Progress Being Made On The Carmel River

By Dr. Mark LeChevallier – February 19, 2015 – Comment

Do you know what the standard procedure is for removing a dam?  Most of the time it involves using explosives in the dam and letting the flow of the river wash all of the sediment downstream. The problem with this approach is that the sediment trapped behind the dam can suffocate downstream wildlife. Luckily, most of the time this impact is short lived, and within a few years the rivers are back to normal.

The ongoing project to remove the San Clemente dam from the Carmel River takes a different approach by rerouting the river, and the results so far have been extraordinary. When the dam is removed, the accumulated sediment will stay in place, and the river will be rerouted in a manner to accommodate fish migration. The project is the largest dam removal project ever in California history – done in cooperation with federal, state and local agencies including the California State Coastal Conservancy and NOAA’s National Marine Fisheries Service, and California American Water Company, among others.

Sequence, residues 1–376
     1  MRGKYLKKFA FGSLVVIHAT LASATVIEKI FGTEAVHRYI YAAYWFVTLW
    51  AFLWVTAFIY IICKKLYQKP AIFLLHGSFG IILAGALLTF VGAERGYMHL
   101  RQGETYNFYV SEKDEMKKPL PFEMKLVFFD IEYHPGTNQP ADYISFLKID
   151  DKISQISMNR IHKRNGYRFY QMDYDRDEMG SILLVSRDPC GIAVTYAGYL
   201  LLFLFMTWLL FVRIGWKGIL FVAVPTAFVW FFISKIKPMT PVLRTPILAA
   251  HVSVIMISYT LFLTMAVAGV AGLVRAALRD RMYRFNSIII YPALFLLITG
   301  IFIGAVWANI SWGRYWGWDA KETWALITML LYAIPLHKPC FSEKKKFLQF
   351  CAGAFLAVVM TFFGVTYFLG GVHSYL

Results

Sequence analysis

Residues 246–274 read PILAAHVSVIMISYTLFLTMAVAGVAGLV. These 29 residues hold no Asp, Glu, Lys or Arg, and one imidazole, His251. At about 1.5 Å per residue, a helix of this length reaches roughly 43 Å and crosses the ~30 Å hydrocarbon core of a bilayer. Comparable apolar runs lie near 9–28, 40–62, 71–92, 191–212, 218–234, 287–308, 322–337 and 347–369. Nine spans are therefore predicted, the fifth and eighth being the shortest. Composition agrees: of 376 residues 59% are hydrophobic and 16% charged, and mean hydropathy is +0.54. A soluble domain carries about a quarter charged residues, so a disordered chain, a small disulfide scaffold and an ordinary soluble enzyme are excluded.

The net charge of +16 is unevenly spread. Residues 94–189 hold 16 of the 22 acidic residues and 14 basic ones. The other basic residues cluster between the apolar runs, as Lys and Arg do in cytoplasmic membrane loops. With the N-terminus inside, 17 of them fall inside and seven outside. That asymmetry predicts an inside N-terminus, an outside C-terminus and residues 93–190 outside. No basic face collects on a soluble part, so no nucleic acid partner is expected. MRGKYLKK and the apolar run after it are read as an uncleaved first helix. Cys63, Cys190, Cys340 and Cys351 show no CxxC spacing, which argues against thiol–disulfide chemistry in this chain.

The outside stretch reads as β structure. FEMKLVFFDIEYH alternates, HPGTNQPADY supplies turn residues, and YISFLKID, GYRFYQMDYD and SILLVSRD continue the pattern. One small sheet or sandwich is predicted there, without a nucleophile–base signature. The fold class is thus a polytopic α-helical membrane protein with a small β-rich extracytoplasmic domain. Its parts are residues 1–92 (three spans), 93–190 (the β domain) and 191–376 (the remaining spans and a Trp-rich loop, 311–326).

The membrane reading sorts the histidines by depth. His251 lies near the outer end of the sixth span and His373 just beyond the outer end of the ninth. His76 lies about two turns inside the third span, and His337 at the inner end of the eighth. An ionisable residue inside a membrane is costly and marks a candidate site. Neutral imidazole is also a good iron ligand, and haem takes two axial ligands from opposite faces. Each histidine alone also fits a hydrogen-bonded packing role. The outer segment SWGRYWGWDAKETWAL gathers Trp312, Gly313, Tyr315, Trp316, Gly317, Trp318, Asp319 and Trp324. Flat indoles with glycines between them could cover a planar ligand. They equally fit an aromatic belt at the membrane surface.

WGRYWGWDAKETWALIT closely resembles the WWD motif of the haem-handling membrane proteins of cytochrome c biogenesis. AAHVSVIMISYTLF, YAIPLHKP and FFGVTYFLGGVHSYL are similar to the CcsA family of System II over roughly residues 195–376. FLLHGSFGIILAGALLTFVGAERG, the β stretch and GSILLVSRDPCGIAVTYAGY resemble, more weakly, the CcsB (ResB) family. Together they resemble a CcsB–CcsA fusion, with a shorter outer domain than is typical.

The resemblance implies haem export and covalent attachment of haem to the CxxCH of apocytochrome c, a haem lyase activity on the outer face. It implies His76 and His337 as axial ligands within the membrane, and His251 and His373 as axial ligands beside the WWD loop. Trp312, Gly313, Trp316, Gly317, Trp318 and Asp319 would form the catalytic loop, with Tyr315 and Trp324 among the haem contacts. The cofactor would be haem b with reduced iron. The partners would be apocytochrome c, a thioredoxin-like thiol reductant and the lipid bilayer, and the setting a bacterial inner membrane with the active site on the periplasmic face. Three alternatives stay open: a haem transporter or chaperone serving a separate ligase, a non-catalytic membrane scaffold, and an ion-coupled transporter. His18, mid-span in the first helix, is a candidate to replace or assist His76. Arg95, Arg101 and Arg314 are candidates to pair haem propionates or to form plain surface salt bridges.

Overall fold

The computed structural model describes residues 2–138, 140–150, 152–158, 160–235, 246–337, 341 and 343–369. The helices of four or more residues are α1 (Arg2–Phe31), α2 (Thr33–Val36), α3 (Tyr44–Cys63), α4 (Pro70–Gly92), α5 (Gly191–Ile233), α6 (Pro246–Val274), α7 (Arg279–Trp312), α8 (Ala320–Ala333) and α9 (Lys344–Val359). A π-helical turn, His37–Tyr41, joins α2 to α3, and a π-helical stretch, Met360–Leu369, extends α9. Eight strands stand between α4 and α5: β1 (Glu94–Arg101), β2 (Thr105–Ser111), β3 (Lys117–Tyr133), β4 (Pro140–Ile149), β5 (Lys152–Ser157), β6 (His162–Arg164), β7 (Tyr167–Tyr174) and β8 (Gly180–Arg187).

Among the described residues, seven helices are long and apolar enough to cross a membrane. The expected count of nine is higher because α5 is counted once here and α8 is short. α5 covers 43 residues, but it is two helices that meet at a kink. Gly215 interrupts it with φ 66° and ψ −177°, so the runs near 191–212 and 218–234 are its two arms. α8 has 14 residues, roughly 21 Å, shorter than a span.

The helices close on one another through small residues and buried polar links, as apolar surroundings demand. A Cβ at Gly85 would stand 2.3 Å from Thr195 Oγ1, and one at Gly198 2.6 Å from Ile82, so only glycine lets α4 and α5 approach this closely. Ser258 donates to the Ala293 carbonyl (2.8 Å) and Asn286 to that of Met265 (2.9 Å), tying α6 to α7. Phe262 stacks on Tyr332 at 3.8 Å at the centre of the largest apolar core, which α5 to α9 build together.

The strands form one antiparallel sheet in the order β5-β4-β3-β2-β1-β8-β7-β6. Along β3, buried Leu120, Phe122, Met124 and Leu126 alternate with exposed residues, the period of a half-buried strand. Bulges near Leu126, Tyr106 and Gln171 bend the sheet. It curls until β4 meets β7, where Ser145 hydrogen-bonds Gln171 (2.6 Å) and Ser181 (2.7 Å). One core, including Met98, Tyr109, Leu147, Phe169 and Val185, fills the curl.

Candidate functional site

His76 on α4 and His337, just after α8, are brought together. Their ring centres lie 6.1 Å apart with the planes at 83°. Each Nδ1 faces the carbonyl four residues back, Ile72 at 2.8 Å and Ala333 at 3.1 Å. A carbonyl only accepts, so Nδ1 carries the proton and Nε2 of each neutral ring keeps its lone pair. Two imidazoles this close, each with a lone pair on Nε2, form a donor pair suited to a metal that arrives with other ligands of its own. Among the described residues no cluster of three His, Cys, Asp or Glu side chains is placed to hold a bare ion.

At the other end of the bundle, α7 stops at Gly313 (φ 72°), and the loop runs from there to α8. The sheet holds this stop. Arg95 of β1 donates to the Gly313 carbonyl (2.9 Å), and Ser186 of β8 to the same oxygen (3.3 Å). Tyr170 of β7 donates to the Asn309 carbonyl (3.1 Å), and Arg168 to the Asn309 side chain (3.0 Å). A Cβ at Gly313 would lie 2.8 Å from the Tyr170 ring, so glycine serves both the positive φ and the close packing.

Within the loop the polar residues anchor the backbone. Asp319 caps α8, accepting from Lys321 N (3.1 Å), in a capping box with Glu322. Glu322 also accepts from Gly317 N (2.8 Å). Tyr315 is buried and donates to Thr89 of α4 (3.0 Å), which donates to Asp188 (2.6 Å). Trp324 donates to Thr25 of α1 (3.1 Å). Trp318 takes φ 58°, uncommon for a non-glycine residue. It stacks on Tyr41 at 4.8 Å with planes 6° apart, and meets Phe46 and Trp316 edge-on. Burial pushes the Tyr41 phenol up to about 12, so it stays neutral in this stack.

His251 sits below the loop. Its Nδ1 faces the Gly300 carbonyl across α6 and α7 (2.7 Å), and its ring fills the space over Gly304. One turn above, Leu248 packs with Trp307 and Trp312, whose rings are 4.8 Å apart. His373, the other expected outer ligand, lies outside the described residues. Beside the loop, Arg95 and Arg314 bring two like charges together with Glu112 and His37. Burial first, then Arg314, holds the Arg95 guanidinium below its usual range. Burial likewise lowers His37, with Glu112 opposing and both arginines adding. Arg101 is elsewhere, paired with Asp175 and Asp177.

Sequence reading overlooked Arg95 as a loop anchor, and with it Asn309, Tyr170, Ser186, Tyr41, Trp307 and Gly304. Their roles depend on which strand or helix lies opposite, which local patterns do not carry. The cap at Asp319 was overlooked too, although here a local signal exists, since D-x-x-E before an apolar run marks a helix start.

Removing a dam of this size is no small feat, and some amazing strides have been made in the two years since it started: bulldozers have cut through a mountain and formed the new, man-made portion of the Carmel River. Threatened species of fish and frogs were rescued to accomplish this. Excavation of the new river channel is complete and in May work will begin to “draw down” the reservoir followed by the removal of the dam itself.  The project’s website shows time lapse photos and videos of the progress that’s been made.  You can also find videos on YouTube (https://www.youtube.com/watch?v=YeZ9D0v3yVA).

The rebirth of the Carmel River is an exciting project and being conducted in a manner that will set the standard for new dam removal projects.  However, prudent management of water supplies is of highest priority, certainly made critical given the Western U.S. drought conditions. According to the EPA, $384.2 billion is needed over the next 20 years to secure and maintain efficient water systems throughout the U.S. We need to uncork the bottlenecks that impede the flow of public and private monies necessary to fund such projects.

The Carmel River is already flowing on a new course that in only a few months’ time will be free from the dam’s obstruction. We have a much longer timeline ahead of us to develop a comprehensive U.S. water policy that will similarly flow out to states and localities to enable them to set a new standard for water resource management. Too much “sediment” has clogged the political process – time for the bulldozers!